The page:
Olympic Viewing: Hockey artistry and ballet tough love

Highlights from coverage of the Sochi Winter Olympics:

BREAKFAST ON ICE: The breakfast-time women's hockey game between the U.S. and Canada Wednesday was a delight all around. It was tense and well-played (won by the Canadians, 3-2, with the help of a controversial goal call), and NBC's team performed, too. Hall of Fame broadcaster Mike "Doc" Emrick should never be taken for granted. His ability to anticipate moves, to convey information without crowding the airwaves and to build excitement is unparalleled. He clearly loves hockey, but doesn't treat it as a private club no one but devotees can enter. Toward the end of the game he noted school was in session in Eastern and Central North America and "when this is over, tell your teacher thank you" for showing it. All right, maybe he overstated the interest since it wasn't a gold medal game, but you have to love the enthusiasm.

EYE ON COSTAS: Bob Costas is shelved again from NBC's Wednesday night telecast because of his eye infection, with Matt Lauer subbing.

RATINGS: NBC doesn't just need good news for Americans to do well in the ratings. The network had 23.7 million viewers for its prime-time coverage on Tuesday, the night Shaun White failed in his attempt for a third straight gold medal in the halfpipe. That's well above the 20.3 million people who watched the corresponding night from Vancouver four years ago. Two mitigating factors: White did not compete the same night four years ago, and NBC faced stiff competition from "American Idol" in 2010.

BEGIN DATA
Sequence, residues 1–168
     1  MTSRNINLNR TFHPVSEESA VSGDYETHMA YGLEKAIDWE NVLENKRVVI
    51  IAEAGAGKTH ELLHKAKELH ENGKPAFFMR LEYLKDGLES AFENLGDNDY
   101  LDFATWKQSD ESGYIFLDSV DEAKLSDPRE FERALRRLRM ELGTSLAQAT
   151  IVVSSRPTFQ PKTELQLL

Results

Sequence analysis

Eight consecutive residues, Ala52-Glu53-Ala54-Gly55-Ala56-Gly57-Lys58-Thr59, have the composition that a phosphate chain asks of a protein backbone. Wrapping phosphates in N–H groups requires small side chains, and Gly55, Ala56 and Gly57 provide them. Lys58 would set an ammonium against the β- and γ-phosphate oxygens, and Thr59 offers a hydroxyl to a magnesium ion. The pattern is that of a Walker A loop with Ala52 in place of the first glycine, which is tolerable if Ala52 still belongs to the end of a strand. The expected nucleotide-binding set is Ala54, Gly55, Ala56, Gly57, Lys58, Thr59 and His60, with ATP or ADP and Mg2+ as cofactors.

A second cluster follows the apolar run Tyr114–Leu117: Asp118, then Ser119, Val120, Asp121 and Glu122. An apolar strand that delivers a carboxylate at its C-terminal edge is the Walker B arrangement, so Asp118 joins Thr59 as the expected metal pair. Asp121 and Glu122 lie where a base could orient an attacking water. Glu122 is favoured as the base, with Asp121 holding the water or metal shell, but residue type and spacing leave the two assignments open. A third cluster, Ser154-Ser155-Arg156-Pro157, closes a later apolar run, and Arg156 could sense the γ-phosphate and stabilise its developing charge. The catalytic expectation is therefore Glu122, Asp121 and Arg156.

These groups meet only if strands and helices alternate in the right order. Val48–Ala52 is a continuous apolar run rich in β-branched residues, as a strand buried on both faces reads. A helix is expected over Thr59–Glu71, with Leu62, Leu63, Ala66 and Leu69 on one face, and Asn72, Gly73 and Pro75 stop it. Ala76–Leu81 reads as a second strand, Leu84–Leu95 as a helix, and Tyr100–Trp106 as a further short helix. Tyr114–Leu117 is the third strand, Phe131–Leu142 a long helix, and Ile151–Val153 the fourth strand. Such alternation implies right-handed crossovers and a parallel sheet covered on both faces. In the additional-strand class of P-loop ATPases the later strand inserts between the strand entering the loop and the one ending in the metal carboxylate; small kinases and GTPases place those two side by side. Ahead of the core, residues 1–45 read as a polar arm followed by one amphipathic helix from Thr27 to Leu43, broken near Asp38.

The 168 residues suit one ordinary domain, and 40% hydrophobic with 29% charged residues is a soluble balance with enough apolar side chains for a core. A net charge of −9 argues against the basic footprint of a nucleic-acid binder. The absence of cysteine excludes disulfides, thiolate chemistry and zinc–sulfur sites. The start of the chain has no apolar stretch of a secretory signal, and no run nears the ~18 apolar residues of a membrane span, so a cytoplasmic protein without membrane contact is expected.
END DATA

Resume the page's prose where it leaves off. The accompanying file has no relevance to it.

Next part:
IN THE MONEY: Strong ratings enabled NBC Sports Group Chairman Mark Lazarus to say Wednesday the network is confident it will be "comfortably profitable" coming out of Sochi. NBC paid $775 million for the rights to the games, and expenses are in the $100 million range. National ad sales have exceeded $800 million, and that doesn't include local ad sales (NBC owns stations in some of the biggest markets). Success also means that ad inventory NBC held back from sale in case the network had to compensate current advertisers if ratings didn't meet projections can now be put on the market.

BOLSHOI: No coddling kids in Russia. During Mary Carillo's feature on how ballet influences figure skating in Russia, the head of the Bolshoi Ballet academy said that children without special talents shouldn't come to the school because "you'll ruin your life." Yikes!


David Bauder can be reached at dbauder@ap.org or on Twitter@dbauder. His work can be found at http://bigstory.ap.org/content/david-bauder.